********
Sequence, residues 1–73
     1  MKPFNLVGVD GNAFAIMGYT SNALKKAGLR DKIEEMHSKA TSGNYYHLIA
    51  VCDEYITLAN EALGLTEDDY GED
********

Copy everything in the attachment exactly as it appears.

Sequence, residues 1–73
     1  MKPFNLVGVD GNAFAIMGYT SNALKKAGLR DKIEEMHSKA TSGNYYHLIA
    51  VCDEYITLAN EALGLTEDDY GED